“Enjoy the Playboy experience,” says an immaculately togged up bouncer as he slides a red satin sash on to my wrist. A eady mix of YSL, Gucci and Issey Miyake lingers in the air as a group of twentysomethings queues up at the entrance of Novotel to sample the first Indian Playboy Club, which kicked off in Hyderabad recently. “Oooh, aren’t you excited,” giggles a pretty one in the group. “Only if you let me play,” mutters her companion with a teasing grin. Kaavya, a chartered accountant in an MNC, has had her satin-smooth skin polished to further perfection for the night and clings to her man as she stands tall on her wedges.
It’s 10.30 pm on a Saturday and the night couldn’t get any younger. Many of those walking into Playboy Club are a little self-conscious, wondering if they are there too early. But as the door swings open, the immensely addictive techno music of Konstantin Yoodza drags the languid Hyderabadi soul into a different “ozonosphere”. DJ Anees ups the tempo; the younger lot are queueing up for tequila shots at the bar near the dance floor. This is where the acoustics change the soft murmurs in the heart to a steady throb, the ‘thump experience’, as it were.
A look at the swaying mass indicates that either the famous bunnies are in hiding or have blended entirely into the partying crowd. Going by the large firang clientele, it’s difficult to guess. Except for one club hostess, it’s a complete beef fest as far as the bartending section goes.
A ravishing 27-year-old, Fahrie Berisha, who’s been in Hyderabad for over a year now, shouts over the din that she loves the “international feel out here”. “I have been to most of the city’s clubs but this music I like,” she says, bestowing the DJ with a wink. But desi boys beware, if a ‘Saturday Saturday’ is your type of dance music, Playboy isn’t the place for you. The mere mention of Bollywood causes club manager Gaurav Bankaya to give me a smirk but he does temper it with a “we might have an infusion of Bollywood once in a while in Playboy in terms of live performances, but that’s it”. So if you are in Playboy, think tech house, deep house, EDM (Electronic Dance Music), progressive house, techno and vocal house.
Shekhar and Rajani arrive at around 11.30 pm, and immediately launch into some practised house dance moves. Shekhar’s eyes dart around the club, resting ever so delicately on an expat group led by a Saudi Airlines hostess, Uzma. “You know, there’s so much vulgarity in Hindi TV soaps, why do these women’s rights groups think that a few Playboy bunnies will ruin our culture?” he wonders aloud, clearly wishing there were a few women around wearing bodices and bow ties.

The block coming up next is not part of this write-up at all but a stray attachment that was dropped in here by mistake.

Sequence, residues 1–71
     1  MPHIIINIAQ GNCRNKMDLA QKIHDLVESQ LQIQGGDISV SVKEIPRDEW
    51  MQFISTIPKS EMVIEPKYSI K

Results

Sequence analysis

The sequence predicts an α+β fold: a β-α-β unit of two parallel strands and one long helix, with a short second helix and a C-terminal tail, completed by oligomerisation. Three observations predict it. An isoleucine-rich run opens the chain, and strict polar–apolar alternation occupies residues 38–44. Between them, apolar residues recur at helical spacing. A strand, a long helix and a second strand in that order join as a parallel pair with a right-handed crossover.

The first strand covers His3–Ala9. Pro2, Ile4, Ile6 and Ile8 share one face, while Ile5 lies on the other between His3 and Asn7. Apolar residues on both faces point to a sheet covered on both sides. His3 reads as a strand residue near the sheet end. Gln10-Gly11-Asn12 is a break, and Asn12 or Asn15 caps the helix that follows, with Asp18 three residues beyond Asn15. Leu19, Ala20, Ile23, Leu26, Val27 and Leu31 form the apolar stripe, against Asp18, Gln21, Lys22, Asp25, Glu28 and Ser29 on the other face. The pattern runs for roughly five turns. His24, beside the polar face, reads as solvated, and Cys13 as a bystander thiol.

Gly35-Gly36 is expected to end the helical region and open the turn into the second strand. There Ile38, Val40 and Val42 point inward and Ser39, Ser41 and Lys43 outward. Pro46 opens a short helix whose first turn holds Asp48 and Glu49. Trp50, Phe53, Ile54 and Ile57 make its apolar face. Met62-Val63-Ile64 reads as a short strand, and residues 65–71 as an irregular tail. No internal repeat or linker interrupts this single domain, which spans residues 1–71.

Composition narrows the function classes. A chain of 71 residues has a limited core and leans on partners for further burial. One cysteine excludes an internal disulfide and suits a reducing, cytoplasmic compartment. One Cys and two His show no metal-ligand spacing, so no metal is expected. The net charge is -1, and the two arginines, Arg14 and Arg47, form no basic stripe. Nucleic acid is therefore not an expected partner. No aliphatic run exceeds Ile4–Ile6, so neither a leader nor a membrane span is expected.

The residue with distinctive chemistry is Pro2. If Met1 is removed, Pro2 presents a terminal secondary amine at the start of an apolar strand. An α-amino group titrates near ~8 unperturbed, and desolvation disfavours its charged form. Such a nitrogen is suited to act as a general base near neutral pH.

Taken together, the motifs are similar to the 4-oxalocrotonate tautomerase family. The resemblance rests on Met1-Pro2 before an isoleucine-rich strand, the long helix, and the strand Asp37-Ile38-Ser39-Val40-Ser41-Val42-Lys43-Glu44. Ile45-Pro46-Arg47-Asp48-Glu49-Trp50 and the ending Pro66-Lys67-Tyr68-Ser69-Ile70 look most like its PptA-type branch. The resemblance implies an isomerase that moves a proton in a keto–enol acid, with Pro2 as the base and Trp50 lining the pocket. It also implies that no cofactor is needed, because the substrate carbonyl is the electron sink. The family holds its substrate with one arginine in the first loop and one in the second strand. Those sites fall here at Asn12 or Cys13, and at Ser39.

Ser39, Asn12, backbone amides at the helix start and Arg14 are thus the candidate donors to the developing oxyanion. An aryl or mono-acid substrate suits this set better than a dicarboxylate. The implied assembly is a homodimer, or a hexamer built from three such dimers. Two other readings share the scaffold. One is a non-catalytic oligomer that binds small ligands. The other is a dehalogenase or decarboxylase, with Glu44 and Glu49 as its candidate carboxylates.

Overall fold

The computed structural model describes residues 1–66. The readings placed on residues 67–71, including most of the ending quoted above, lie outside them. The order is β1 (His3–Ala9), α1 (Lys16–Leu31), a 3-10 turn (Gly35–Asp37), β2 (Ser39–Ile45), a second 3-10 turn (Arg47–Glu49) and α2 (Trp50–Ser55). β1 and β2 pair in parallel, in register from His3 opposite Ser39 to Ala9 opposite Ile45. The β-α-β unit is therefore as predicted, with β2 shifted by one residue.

Some original Playboy bunnies
The only bunnies on display currently are the large red Playboy logos glistening under the psychedelic lights. Of course, the classy menus have pages elaborating the history of Playboy and its culture.
About the order issued by Cyberabad police commissioner C.V. Anand that women in any attire will not be allowed to serve as waitresses, hostesses or to serve liquor in Playboy Club, Parag says it’s extremely unfair. “We find female hostesses everywhere in the hospitality industry, be it in hotels or airlines. So why should Playboy Club be singled out?” he asks. The licence-holder for Playboy Club says that eventually there will be female hostesses, though not “pinned down to any uniform”.
V. Chamundeswarinath, who has a five per cent stake in Playboy Club, Hyderabad, insists there will be no bunnies to cater to Indian sensibilities though rumours of high-end escorts with members fly thick and fast in the city’s elite circles. As of now, the club has a little over 150 members who have paid Rs 3 lakh/annum each for the same. Others pay Rs 4,000 as cover charges for entry into the nightclub but are not allowed into the members area. The biggest plus for members is they get entry into any of 40 Playboy Clubs across the world with this membership, says Chamundeswarinath.
Of course, not everyone’s happy with the club’s arrival. Social activist Devi, who led the opposition against the Playboy Club, says the very brand represents a “shady, provocative culture”. “We had information that six women had come from Australia and elsewhere to function as bunnies but due to the huge outcry, they are lying low. People who pay Rs 3 lakh for a club membership are not fools, they expect bunnies to serve them...directly or indirectly. This will only lead to a cheap imitation of Playboy culture across Telugu land and encourage trafficking of women,” says an angry Devi. Local BJYM leader Kalyan, who stormed Novotel on Playboy’s opening night, wonders why the KCR government was in such a hurry to grant the licence when even Goa had refused.